Kimmel and Kilpatrick said activities in the lab aren’t just about having fun and thinking technology is interesting. The stations have computers where students answer questions about their experience, including what they liked most about it. Oakland Schools gathers the data and teachers can have a better sense of the types of learning their students enjoy best, and what careers seem most appealing to them.
Questions help gauge if a student is drawn to the look and feel of an experience, if they are fascinated by the mechanics, if they like programming and solving problems, or if the idea of helping others is what sparks their interest. The programs suggest job ideas kids may not have even thought of, but more importantly than that, Kilpatrick said, “It gets them thinking differently about career paths, and having an open mind to jobs they may not have heard of before.”
“You ask kids what they want to be, and there are doctors, lawyers, firefighters. But then you start to learn there’s a lot out there you just don’t even know about. Like how construction careers are related to autonomous vehicles. Or how digital media and social media help people use technology better. We help them view careers through this different perspective.
“We help them identify what they’re passionate about. What do they like? What are they good at? And to see there is someone who will pay me to do what I like.”
As students go through the various stations, they get hands on experience, not just playing around or demonstrations. Here they see successes and failures and are taught to keep trying. “Self-efficacy is important,” Kilpatrick said. “We want kids to know they are capable of learning about new things. They have the power to learn and be successful, and find their own path.”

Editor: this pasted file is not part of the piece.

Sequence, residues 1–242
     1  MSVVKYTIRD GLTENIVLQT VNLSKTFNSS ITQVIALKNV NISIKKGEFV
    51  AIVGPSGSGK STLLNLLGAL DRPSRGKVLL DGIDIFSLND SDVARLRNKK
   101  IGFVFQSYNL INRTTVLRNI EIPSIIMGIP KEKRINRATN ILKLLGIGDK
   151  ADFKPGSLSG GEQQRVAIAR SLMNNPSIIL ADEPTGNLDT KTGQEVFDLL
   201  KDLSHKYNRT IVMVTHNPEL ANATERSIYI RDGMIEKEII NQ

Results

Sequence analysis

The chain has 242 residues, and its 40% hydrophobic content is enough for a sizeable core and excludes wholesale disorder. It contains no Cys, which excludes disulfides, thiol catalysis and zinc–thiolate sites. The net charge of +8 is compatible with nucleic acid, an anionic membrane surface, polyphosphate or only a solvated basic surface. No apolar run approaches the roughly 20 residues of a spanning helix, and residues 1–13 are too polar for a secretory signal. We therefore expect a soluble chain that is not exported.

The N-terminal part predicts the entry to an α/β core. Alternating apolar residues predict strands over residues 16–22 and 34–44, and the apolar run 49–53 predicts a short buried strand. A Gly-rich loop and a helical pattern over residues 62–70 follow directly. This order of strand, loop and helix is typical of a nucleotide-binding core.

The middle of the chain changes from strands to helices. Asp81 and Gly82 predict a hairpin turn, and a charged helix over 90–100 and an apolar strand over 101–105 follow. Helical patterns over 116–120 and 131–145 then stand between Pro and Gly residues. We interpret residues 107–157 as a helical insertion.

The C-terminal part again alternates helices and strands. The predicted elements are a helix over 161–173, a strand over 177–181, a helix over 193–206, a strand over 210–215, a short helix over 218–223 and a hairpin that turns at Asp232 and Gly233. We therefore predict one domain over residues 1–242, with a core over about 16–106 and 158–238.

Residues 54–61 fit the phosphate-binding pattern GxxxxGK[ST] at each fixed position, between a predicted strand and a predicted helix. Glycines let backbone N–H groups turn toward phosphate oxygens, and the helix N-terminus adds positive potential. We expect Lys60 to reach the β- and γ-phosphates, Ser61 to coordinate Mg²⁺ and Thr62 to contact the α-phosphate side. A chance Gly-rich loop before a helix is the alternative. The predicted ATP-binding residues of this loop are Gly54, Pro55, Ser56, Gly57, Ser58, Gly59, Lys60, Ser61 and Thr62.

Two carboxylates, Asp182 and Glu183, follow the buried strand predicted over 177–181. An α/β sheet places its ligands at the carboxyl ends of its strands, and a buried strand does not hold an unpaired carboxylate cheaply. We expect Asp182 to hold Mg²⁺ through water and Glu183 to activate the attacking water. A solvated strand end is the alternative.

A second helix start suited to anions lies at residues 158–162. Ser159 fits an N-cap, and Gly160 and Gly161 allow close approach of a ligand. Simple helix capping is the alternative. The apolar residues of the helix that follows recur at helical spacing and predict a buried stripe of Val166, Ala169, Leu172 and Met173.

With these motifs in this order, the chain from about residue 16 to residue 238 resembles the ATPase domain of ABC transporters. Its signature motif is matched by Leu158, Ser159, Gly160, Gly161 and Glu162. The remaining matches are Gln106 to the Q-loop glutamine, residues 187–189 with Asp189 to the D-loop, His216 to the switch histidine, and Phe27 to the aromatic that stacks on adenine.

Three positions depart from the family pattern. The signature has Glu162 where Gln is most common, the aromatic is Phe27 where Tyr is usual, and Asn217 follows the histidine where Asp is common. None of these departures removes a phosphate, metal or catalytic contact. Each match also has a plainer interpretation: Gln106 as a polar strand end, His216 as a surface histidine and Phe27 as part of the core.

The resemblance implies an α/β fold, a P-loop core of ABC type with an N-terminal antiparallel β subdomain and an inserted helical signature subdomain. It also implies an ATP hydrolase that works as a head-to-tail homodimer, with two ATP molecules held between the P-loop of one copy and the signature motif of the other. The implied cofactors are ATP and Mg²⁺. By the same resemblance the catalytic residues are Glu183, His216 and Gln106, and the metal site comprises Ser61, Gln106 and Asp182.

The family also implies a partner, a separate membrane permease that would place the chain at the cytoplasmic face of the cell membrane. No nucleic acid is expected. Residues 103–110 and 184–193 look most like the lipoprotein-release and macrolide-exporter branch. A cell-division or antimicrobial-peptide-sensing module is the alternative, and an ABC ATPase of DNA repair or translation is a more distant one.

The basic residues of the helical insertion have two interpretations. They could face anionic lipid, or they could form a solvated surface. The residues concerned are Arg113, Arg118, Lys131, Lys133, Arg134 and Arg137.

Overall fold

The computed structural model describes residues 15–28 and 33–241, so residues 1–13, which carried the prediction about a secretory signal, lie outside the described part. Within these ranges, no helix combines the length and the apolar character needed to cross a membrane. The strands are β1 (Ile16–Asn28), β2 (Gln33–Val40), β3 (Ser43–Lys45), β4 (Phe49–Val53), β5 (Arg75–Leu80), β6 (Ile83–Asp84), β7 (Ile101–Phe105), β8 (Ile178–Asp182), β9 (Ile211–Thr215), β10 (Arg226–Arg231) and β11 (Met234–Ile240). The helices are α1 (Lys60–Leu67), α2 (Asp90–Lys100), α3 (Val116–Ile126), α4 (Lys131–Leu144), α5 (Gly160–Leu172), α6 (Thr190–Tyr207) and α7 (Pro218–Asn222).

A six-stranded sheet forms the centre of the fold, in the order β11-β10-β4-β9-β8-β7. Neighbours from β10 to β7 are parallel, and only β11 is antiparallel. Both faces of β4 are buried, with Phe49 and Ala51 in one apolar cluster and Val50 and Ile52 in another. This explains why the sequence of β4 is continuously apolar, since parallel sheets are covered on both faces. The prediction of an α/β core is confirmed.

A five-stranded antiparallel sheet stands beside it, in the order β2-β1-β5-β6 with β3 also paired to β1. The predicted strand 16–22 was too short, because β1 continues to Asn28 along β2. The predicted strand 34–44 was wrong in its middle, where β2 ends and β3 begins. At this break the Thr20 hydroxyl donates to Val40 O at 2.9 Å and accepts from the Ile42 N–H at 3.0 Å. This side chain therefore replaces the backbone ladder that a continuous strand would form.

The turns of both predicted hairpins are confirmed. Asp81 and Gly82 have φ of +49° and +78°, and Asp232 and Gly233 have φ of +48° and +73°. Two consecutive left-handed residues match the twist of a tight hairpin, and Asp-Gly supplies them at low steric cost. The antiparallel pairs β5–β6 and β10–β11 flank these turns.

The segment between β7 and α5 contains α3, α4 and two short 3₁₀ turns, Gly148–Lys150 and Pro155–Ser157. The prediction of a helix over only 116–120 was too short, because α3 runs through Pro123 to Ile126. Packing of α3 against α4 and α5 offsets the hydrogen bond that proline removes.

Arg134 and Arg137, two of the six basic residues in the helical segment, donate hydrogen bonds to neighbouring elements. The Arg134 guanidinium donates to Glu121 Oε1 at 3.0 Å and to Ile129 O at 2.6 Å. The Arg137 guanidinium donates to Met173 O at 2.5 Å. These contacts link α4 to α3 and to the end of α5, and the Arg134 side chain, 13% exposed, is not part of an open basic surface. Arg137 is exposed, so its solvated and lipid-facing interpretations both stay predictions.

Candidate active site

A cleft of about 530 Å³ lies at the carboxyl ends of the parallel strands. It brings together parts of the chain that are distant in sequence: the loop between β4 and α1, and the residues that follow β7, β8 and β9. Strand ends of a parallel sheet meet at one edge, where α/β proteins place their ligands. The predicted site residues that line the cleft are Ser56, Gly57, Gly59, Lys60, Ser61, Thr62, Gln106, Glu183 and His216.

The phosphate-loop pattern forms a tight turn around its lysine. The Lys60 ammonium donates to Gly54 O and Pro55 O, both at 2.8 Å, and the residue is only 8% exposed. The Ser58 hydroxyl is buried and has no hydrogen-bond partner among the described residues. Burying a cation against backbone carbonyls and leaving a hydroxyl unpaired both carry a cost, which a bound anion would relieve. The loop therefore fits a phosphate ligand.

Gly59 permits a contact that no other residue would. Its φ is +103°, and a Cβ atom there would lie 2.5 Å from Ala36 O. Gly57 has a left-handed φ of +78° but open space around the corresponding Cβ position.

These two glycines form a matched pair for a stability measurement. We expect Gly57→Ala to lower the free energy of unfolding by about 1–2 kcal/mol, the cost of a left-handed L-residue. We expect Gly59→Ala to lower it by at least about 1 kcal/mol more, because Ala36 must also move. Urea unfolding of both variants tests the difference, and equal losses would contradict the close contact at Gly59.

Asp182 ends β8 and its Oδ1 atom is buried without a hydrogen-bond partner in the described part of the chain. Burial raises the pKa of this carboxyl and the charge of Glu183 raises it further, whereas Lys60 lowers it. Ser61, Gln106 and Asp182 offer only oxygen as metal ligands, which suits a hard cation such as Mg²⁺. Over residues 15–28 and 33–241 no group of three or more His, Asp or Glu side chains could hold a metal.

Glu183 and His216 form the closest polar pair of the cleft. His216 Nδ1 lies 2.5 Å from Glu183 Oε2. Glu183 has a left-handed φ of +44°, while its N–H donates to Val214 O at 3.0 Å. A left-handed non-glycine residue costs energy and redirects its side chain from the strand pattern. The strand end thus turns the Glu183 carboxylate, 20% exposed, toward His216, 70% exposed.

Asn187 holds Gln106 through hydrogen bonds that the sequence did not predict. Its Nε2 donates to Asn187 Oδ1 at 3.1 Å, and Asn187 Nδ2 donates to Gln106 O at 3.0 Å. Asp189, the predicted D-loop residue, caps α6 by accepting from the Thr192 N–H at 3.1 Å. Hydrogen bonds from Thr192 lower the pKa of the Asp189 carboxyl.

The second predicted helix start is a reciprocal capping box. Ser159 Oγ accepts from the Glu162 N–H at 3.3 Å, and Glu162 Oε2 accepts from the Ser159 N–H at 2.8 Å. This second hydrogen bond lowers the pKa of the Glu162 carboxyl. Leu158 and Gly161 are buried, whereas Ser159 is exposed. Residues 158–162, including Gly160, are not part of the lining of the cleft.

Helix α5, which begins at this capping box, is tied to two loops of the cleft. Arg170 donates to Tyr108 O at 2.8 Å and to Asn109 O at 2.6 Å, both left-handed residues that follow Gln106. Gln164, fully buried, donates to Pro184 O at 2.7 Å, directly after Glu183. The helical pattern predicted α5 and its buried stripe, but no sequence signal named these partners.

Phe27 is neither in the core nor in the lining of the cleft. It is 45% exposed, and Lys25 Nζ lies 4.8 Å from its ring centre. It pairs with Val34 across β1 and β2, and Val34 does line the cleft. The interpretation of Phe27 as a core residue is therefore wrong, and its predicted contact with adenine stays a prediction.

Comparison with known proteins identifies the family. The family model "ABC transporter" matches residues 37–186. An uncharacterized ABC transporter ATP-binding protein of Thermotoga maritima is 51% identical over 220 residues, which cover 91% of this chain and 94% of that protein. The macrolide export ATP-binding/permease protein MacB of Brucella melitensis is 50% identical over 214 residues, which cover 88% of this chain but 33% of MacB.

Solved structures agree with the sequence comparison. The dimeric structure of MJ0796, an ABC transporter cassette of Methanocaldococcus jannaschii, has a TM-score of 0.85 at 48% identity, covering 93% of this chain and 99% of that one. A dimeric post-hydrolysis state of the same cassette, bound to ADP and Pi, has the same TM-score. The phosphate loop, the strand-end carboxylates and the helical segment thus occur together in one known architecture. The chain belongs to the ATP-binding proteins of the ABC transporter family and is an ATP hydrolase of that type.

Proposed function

Stephanie Dulmage, Director of 21st Century Learning at Hazel Park Schools, was also on hand to see the STEMi Lab’s inaugural run. Hazel Park is one of five districts hosting the STEMi Lab as part of summer programming.
“What I saw is kids trying something new, taking a risk, failing and getting back on there to figure it out,” she said. “One thing we say a lot is to fail forward, and we need kids that aren’t afraid to do that. This is how we learn.”
Seeing technology in action, and talking about different career paths helps the kids see the world beyond just their school as well. Experts from Oakland Schools talk about various jobs, and introduce the students to new worlds. “This is the authenticity of learning,” Dulmage said. “Show them they can do it, and how it helps the world. Give them a voice and the ability to make an impact.”
The learning’s not just one-sided either. Grown-ups in the room are there to learn as well.
The computer system that helps kids connect with jobs that may appeal to them, also gathers data that teachers and Oakland Schools can use to make sure lessons are reaching the students where their minds and interests are. The discussions also help the STEM consultants fine-tune their efforts and see the world through kids’ eyes.
“We had one kid today who was using the LIDAR system [which guides the autonomous vehicles on the track] and compared it to ‘like a dolphin and echo location.’ That’s the kind of thinking we like to see, and it’s something I didn’t really think about from that perspective.”
The STEMi Lab officially was put to use in June, after doing some test sessions in Clarkston, Oxford, Southfield, and Huron Valley Schools. This summer they’ll also visit West Bloomfield, Pontiac, and Oak Park, with more schools to follow in the fall. In addition to the mobile lab, Oakland Schools has classroom sets of STEM items that are loaned to classrooms throughout the county. And they are working on supplemental resources for parents to help them as they also learn more about STEM and the careers that may interest their children. The Oakland Schools Career Readiness website has resources and ideas to help parents and students navigate this part of life.
Dulmer was pleased to have the program in Hazel Park. “We know that sometimes just an experience like this can impact a kid, and inspire them to be a strong thinker and a strong learner,” she said.
Learn more about Oakland ISD on their website.